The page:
Asterisk denotes entries on real places.
Johnson creates a sense of place in Jerichow that transcends the town’s present problems. For example, the residents’ language does not change overnight, and the novel’s original German text contains many remarks in the local Mecklenburg dialect. Similarly, the efficient East German secret police agent Herr Rohlfs uses topographic maps from the discredited fascist German Reich because the “gracefully undulating landscape” remains the same. The fertile region was populated by Germanic settlers a millennium earlier, and waves of people have passed through since then, leaving “round graves, long graves, conic graves.” Jakob himself arrived there as a refugee from Pomerania.
Cresspahl’s house. Home of the widowed cabinet maker Heinrich Cresspahl. The long one-story house is located at Ziegeleiweg 3-4, at the quarry “behind the old, burned-out tile kilns across from a fenced-in park around the villa of the Soviet Headquarters.” It resembles a house that Johnson lived near when he attended school in Güstrow, Mecklenburg, after World War II.
After the war, Cresspahl divided his house into two apartments to accommodate Jakob and his mother when they were refugees. Their half is now registered as a railroader’s apartment. Jakob carved the letters “CRESSPAHL HARDWOOD INLAYS” over the workshop door for Cresspahl. The expansive house, garden, and workshop have been Cresspahl’s for years; its living-room ceiling is gray with age, and he has no thought of leaving. In the turbulent postwar period, his home represents reassuring continuity. Cresspahl is quietly self-sufficient. He tends the garden, collects firewood for his stove, and likes sitting in his leather armchair smoking his pipe. A seventeenth century map of the coast hangs on the wall. Even Cresspahl’s cat has a long Jerichow lineage.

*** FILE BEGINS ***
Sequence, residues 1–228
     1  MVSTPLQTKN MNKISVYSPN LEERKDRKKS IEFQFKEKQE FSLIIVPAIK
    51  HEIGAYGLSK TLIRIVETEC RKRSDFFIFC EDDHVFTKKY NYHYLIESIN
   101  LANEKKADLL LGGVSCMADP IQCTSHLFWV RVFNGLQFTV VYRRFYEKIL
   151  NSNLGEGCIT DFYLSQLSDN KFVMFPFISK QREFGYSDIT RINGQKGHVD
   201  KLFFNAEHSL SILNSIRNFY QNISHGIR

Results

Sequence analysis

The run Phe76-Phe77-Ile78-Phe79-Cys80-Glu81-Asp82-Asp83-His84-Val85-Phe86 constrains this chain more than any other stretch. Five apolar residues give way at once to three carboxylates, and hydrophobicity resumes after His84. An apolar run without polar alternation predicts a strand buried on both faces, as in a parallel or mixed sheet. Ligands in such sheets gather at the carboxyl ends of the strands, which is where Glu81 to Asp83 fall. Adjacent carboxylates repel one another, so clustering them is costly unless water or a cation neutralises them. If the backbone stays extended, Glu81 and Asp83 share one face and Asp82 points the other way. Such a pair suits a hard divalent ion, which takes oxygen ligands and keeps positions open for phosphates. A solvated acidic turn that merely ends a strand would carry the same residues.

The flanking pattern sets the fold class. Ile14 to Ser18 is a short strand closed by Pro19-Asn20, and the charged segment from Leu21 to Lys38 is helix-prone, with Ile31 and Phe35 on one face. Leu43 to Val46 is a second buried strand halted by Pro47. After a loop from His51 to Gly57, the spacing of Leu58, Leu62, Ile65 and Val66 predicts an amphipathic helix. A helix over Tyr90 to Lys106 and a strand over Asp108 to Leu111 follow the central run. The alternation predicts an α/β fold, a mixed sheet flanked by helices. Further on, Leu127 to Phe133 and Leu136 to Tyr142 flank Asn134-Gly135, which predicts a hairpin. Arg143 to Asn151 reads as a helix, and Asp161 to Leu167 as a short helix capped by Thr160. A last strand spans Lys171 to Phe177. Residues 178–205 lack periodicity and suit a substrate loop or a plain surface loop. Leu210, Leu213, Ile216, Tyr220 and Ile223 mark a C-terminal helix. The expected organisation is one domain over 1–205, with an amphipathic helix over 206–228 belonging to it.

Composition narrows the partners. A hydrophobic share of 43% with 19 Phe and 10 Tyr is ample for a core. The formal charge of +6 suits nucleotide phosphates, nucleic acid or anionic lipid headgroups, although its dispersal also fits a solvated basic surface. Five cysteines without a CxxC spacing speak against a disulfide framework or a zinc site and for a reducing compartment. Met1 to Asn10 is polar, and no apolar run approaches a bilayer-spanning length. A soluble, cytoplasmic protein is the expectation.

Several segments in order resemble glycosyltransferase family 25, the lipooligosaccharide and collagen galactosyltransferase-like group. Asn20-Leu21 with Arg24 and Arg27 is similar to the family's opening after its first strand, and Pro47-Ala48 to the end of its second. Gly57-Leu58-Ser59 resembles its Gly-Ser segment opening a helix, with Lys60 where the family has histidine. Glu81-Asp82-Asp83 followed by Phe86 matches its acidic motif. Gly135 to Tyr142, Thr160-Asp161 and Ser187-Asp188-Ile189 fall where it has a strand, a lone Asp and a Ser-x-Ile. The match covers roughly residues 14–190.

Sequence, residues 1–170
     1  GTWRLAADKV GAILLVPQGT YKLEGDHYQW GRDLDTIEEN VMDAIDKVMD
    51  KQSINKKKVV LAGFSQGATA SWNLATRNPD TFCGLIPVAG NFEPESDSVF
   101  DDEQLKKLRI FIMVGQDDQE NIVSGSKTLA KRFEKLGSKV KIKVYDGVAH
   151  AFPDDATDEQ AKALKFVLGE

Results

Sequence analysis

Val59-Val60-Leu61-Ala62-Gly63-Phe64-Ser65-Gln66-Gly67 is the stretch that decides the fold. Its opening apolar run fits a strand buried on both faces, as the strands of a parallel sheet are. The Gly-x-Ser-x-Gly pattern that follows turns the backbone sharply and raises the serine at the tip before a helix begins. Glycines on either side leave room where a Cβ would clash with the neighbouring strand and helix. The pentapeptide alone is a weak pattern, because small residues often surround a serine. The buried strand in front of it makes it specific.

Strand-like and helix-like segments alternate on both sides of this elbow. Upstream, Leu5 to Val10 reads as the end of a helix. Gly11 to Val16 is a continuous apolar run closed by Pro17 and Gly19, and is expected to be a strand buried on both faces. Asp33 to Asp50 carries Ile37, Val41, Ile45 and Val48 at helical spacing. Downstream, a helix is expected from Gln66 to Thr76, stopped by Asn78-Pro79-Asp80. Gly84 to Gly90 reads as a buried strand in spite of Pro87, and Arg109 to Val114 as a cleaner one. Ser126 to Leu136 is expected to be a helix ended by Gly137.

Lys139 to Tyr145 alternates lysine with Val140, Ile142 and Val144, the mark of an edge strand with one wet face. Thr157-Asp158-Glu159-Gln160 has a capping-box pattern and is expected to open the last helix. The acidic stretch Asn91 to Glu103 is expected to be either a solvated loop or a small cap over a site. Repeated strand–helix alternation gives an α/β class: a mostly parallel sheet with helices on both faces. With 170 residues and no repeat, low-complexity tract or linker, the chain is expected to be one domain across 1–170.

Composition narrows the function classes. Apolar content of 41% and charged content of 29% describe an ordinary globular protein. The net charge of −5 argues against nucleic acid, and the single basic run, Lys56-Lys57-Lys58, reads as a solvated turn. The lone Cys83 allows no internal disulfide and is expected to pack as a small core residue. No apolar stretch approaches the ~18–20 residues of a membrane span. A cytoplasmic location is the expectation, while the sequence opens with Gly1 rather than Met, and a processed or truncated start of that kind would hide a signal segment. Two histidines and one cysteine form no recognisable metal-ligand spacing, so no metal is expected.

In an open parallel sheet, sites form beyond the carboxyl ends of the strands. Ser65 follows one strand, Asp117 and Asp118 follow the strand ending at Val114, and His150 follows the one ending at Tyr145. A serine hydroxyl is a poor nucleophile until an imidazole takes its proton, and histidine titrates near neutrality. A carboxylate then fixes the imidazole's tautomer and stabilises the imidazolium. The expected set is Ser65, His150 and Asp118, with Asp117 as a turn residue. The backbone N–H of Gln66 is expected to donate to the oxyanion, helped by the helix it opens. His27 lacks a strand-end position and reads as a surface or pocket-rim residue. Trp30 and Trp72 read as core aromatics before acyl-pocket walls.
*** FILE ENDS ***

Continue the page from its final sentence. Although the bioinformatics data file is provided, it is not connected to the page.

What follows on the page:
Railway yards. Government railroad facility in a fictitious port city on the Elbe River where Jakob works until he is struck by a train and killed. The railway yards have their own atmosphere, “heavy sooty air between the groaning engines.” When fog from the river rolls in, visibility is reduced and the tracks are slippery. From his locked observation tower, Jakob communicates with other dispatchers over the microphone and tries to keep the trains on schedule. The rundown state of the railway makes precision impossible. Tracks torn up by the Red Army’s wartime invasion have not been replaced, the trains are old, and there is a shortage of coal.
*Federal Republic of Germany. Commonly known as West Germany, a capitalist country whose fast pace of life is illustrated by Gesine Cresspahl’s demonstration of how they play autobahn: You pass me, I pass you. Jakob finds it offensive that the jukebox in the bar still plays the “Badenweiler March,” a Nazi song, and is shocked that the Bundesbahn runs express trains with only one employee aboard